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← Locked Out: How the Church Responded to their Pastor’s Coming Out

BenS's Avatar Jump to comment 30 by BenS

Comment 21 by caseyg5 :

@Ben S, You are much too harsh on Teresa.

I don't believe I am.

Suppose you were a true believer for many years and slowly over time you began to have doubts about some of the things you were promoting because you began to realize that they were inherently flawed. I wonder how many employees of business out there would continue to be able to work knowing that products are cheap, badly designed, "strangely" break down after the warranty expires, etc., and expressing their objections? Does this make them frauds and phonies because they are hanging on to an income that feeds their families? By your thinking most of the world population working for employers could be labeled frauds for promoting products that have problems. I worked for a place that had product issues and it would officially lie about them. They weren't harmful problems, just quality ones. If I spoke out, I hit the streets. Food goes, housing goes. The company goes on. Who's screwed? Me!

A long winded way of saying your personal integrity has a price and that price is the effort of finding a new job.

Teresa didn't begin knowing that church teachings were full of it but evolved into it due to her brain actually working and examining facts from the inside of the company. Aren't whistleblowers honored now whereas once they were a pariah?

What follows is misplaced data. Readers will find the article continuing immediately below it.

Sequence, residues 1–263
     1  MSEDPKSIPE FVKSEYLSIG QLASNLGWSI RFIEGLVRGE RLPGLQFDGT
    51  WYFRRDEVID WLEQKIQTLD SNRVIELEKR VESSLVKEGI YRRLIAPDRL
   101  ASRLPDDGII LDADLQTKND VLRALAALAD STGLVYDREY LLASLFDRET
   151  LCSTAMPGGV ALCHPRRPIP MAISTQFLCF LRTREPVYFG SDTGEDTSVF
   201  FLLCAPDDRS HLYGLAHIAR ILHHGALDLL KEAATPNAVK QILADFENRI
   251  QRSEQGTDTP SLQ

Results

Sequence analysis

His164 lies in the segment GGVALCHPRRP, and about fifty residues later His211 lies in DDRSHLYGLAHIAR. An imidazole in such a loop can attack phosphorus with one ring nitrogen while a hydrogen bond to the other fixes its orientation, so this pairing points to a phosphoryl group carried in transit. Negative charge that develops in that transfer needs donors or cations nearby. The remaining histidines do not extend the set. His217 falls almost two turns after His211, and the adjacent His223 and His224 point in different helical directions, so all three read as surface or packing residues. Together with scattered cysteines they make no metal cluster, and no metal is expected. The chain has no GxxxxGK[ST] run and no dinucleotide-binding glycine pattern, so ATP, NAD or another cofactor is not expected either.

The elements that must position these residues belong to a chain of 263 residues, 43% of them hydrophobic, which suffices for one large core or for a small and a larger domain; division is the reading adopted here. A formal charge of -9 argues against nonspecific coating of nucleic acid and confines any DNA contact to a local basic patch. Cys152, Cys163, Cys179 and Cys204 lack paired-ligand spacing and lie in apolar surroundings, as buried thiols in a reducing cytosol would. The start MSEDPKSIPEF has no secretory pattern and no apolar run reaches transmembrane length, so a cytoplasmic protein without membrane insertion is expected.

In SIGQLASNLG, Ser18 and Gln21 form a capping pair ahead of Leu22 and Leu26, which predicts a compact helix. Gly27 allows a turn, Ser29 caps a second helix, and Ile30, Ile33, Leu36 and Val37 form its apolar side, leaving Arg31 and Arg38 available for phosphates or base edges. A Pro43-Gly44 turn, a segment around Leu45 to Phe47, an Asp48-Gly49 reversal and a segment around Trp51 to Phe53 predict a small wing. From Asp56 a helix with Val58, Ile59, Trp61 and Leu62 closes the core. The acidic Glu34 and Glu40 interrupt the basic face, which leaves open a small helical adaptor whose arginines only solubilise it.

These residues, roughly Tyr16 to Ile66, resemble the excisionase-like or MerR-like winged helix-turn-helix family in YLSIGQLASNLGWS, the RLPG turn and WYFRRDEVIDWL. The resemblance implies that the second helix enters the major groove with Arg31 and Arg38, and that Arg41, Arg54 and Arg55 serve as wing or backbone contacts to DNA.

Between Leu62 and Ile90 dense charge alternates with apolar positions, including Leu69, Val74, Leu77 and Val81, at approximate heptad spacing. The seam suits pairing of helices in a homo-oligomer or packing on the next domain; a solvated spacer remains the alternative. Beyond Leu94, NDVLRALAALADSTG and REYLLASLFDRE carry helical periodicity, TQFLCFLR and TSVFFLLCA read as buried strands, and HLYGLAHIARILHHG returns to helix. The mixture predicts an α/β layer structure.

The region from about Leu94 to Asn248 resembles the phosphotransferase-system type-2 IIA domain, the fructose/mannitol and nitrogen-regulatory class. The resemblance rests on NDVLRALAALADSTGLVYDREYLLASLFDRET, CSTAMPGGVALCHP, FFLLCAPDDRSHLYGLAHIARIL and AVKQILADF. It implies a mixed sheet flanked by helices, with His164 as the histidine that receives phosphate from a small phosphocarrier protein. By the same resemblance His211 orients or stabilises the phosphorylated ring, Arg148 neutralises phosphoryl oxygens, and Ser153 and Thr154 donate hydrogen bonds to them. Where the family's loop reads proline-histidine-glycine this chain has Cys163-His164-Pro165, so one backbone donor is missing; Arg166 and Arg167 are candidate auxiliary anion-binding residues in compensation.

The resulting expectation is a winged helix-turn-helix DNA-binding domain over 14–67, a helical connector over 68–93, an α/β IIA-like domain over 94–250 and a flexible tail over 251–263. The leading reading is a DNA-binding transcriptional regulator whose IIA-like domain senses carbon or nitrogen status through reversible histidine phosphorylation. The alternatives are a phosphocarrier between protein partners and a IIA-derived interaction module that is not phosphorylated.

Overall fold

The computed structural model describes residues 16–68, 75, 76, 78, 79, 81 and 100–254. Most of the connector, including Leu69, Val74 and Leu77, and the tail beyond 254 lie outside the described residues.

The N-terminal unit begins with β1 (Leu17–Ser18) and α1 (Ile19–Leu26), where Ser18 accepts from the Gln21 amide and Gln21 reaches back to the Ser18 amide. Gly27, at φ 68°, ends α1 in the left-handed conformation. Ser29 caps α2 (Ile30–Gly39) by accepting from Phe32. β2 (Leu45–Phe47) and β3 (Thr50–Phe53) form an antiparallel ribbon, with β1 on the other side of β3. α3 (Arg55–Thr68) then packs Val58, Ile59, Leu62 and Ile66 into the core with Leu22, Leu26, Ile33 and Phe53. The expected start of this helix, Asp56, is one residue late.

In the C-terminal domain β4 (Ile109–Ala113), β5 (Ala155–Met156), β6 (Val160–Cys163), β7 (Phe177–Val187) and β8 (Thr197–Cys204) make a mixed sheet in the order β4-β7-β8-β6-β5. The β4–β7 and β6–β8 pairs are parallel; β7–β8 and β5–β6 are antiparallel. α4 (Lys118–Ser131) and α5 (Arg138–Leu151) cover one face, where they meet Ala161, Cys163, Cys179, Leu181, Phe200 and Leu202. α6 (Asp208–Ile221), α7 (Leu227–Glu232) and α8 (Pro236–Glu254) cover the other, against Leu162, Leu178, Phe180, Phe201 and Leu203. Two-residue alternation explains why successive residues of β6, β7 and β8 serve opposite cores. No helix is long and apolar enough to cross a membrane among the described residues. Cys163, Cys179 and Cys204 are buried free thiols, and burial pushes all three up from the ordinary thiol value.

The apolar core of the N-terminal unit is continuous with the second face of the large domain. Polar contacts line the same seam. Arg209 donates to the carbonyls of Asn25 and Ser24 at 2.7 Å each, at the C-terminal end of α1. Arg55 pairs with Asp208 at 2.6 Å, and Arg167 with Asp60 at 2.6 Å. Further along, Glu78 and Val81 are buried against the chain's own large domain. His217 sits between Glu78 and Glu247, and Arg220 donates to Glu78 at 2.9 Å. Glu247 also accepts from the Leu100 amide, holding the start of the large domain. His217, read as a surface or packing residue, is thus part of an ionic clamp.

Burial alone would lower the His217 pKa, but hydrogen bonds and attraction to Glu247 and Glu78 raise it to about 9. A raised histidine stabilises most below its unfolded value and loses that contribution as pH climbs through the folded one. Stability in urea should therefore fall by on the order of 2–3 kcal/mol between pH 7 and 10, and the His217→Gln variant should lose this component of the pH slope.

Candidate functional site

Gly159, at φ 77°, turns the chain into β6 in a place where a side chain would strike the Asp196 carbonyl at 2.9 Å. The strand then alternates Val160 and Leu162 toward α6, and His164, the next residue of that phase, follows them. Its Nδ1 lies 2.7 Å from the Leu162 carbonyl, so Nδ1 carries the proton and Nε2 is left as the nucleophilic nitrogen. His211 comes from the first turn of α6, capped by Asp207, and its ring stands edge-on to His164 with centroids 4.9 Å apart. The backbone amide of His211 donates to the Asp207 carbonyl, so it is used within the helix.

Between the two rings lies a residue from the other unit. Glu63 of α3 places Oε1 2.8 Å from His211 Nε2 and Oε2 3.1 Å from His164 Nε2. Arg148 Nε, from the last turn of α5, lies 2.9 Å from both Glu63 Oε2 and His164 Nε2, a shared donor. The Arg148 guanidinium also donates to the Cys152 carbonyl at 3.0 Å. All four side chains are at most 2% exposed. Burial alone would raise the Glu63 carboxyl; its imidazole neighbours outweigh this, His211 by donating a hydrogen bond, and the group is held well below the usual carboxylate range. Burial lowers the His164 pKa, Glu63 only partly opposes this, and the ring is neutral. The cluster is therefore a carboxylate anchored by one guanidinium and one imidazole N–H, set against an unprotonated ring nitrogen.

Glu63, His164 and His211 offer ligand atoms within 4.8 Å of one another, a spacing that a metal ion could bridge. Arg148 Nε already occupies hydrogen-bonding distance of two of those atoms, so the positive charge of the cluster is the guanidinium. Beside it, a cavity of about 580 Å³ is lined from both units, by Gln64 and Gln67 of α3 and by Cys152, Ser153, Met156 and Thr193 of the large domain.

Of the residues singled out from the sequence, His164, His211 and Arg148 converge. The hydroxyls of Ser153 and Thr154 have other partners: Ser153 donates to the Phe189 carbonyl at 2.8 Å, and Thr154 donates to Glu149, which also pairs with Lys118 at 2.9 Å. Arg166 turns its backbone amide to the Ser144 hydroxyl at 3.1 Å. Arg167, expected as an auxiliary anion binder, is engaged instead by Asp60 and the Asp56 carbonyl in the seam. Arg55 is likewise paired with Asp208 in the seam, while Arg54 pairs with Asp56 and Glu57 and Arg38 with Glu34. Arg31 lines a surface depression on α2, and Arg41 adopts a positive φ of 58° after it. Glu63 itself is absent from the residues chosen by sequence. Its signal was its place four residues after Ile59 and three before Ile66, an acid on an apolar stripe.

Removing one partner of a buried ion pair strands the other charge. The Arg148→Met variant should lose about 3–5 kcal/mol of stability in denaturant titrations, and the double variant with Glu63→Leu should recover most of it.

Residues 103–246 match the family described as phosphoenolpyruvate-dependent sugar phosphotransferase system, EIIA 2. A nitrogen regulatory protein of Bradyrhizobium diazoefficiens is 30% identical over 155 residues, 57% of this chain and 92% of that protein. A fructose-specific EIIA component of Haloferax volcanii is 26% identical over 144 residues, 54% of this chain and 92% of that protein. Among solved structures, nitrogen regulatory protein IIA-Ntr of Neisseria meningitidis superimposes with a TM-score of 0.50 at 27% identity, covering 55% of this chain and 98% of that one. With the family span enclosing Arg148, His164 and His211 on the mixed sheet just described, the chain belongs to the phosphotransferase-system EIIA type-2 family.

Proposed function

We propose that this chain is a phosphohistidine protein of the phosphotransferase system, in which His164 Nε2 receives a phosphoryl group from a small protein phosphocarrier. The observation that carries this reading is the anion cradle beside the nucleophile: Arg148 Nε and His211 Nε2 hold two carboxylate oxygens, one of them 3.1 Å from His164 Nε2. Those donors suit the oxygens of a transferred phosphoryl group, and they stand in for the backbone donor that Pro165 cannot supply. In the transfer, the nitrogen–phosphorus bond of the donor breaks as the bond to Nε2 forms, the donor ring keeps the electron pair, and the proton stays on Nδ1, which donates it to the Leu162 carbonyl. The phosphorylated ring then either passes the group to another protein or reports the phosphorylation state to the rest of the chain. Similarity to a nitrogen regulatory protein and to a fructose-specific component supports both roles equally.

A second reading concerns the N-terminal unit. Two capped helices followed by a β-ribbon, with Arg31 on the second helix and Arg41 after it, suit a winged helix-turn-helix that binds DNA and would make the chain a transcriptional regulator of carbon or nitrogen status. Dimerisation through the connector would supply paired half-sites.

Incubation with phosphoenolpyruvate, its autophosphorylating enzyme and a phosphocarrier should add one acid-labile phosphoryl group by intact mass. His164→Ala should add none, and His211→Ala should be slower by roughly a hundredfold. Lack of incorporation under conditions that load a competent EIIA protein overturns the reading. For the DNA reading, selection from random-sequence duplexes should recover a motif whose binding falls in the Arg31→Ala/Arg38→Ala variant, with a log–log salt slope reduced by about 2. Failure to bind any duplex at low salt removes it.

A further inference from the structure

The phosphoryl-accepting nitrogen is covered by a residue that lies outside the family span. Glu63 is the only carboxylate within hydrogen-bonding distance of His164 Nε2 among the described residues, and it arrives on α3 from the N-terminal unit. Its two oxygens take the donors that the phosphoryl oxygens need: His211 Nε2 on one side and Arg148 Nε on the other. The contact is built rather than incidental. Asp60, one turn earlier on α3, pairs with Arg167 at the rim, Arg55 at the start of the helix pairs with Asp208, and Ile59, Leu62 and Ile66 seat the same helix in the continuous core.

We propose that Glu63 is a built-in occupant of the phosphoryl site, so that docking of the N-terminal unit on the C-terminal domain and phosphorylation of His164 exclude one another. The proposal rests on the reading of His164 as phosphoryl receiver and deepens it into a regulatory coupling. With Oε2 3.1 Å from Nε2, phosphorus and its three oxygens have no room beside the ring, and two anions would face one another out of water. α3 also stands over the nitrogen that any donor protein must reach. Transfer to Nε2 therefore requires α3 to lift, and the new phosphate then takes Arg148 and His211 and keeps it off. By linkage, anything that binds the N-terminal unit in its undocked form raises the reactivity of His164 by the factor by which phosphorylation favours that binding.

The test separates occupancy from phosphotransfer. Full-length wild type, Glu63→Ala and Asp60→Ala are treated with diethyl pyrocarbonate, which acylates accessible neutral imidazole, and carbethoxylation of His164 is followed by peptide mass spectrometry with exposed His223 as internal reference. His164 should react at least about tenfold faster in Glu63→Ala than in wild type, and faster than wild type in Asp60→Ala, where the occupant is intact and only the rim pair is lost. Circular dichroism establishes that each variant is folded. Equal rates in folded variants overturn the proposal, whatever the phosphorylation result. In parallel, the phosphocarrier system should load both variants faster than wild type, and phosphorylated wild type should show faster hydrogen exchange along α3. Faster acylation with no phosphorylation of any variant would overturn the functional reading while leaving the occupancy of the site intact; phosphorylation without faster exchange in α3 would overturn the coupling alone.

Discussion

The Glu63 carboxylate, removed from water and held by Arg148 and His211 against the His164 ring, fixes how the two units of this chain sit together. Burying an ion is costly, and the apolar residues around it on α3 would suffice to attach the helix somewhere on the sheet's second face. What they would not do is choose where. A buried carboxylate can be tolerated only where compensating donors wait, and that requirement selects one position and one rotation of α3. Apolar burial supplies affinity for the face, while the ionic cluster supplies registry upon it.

Whistleblowers are protected where they're blowing the whistle on a company that's doing something illegal - this is nothing like that at all.

Teresa lied to these people every week. Best I can see, when she did come clean it wasn't to the church, it was at a public event - which is the first they heard of her lack of belief. I'm not even remotely surprised they feel betrayed - they WERE betrayed.

How about if someone ran a writing group and week in, week out gave the impression they were a published author and dished out writing tips and advice to an attentive group - and then one day the group sees the group leader on TV crowing about how they're not really an author and don't believe all the shit they spoonfeeding the group. Or if a martial arts instructor is seen by his students on an internet page stating that he's not really a martial artist and those movements he's teaching aren't Wing Chun they're just things he saw on a Rosemary Conley yoga DVD. In either case would you expect the group to welcome them back with open arms?

Of course not.

Saying "But, I thought we were friends!" just seems laughable. If they were your friends, you wouldn't lie solidly to them every week.

Religious types get lambasted on these forums all the time for "Lying for Jesus", whether it's telling lies about atheists, about their own beliefs or even answering questions on evolutionary exam papers with the correct answer that they don't believe in. Why is it reprehensible for the religious to lie to atheists but acceptable for an atheist to lie to the religious?

It isn't. It smacks of double standards to me and I have no qualms saying so.

Wed, 11 Apr 2012 12:59:45 UTC | #933872